Windows & Skylights

Windows and skylights are integral elements in home design, offering a myriad of benefits that contribute to the overall well-being of homeowners and the aesthetics of the living space. Beyond their primary function of letting in natural light, these features enhance the ambiance of interiors, creating brighter, more inviting spaces. Properly positioned windows and skylights facilitate passive solar heating, contributing to energy efficiency and potentially reducing utility costs.

Awning/Hopper/Servery Windows

An awning window is a type of window that is hinged at the top and opens outward from the bottom. It is designed to resemble the style of an awning, with the window pane acting as the awning itself when opened. The hinge is typically located at the top of the window frame, and a crank or lever mechanism is often used to open and close the window.

Casement Windows

A casement window is a type of window that is hinged on one side and opens outward, typically operated with a crank or lever mechanism. This design allows the entire window sash to swing open like a door, providing a wide and unobstructed view when the window is fully opened.

Picture Windows

A picture window is a large, fixed window that is designed to frame an expansive view, allowing maximum natural light and an unobstructed panorama of the outdoors. Unlike operable windows, picture windows do not open or close and are intended to serve as a stationary architectural element, contributing to the aesthetics of a room while emphasizing views. These windows are often used to showcase scenic landscapes, gardens, or architectural features.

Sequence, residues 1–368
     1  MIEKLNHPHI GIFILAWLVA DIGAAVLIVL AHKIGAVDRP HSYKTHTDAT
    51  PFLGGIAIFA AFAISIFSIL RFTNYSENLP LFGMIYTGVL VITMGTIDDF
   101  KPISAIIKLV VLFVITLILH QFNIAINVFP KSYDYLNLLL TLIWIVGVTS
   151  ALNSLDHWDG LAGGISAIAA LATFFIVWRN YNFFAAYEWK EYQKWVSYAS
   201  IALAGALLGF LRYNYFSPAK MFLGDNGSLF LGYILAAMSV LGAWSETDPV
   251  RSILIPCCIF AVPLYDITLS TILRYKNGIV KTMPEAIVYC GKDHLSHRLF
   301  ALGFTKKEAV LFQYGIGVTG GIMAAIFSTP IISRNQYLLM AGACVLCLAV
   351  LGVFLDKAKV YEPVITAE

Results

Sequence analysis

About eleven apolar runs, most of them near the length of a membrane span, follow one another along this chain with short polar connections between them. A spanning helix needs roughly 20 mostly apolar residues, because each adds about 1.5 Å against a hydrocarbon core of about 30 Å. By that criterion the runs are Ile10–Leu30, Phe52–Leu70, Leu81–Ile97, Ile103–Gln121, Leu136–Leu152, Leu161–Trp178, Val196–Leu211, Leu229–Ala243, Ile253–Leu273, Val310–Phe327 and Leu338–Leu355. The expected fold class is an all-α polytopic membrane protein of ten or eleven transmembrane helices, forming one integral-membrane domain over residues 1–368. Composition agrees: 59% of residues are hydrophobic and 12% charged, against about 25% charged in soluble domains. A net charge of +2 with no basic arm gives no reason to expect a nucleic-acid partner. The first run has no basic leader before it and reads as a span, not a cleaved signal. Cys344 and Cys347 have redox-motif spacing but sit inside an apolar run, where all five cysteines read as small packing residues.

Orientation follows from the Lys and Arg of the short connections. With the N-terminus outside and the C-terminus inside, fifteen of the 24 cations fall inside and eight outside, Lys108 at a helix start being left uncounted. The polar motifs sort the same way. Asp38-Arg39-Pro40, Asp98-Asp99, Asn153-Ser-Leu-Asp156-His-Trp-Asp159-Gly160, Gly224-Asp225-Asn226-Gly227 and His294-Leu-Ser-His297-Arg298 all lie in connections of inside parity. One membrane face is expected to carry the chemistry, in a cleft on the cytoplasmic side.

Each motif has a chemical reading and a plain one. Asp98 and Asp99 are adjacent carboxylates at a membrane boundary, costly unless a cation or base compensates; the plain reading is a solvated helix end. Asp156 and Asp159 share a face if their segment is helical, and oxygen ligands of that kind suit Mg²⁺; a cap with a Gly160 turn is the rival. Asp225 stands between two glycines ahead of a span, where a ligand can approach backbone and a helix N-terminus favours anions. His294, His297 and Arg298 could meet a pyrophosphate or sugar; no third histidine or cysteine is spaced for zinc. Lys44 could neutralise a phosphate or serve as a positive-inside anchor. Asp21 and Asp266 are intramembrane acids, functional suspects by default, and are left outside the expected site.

Slider/Glider Window

A slider window, also known as a sliding window, is a type of window that features one or more horizontally moving sashes. The sashes slide along a track horizontally to open and close the window. The most common configuration consists of two sashes, where one sash is fixed, and the other can slide horizontally over it. However, some slider windows have both sashes operable, allowing for flexibility in ventilation.  Slider windows open and close horizontally along a track. The sashes move parallel to each other, with one or both gliding to the side to create an opening.  Slider windows are known for their simple and easy operation. They often have a smooth gliding mechanism that allows for convenient opening and closing.

Double Hung Windows

A double-hung window is a traditional style of window with two vertically stacked sashes that can slide up and down independently within the window frame. Each sash typically has its own set of tracks and balances, allowing for both the upper and lower sashes to move. This design provides flexibility in ventilation, as the window can be opened either from the top or the bottom.

Bay/Bow Windows

Bay windows typically consist of a large central window flanked by two narrow windows on either side. The narrow windows are angled to extend beyond the exterior wall of the house, creating a three-dimensional view.

Bow windows also extend beyond the building’s outer surface but usually comprise four or more nearly identical windows. Consequently, bow windows have a curved effect rather than an angular one, requiring more space than a bay window.

Garden Windows

A garden window is a type of window that protrudes outward from the exterior wall of a building, creating a small greenhouse-like structure. It is typically found in kitchens and is designed to provide a space for indoor plants, herbs, or decorative items. Garden windows are known for their distinctive design, which often includes glass on multiple sides to maximize sunlight and create a mini-garden or display area within the home.


A skylight window, simply known as a skylight, is a window installed in the roof of a building to allow natural light to enter from above. Skylights are designed to bring sunlight into interior spaces, providing illumination and often enhancing the aesthetic appeal of a room. They come in various shapes and sizes and can be fixed or operable.

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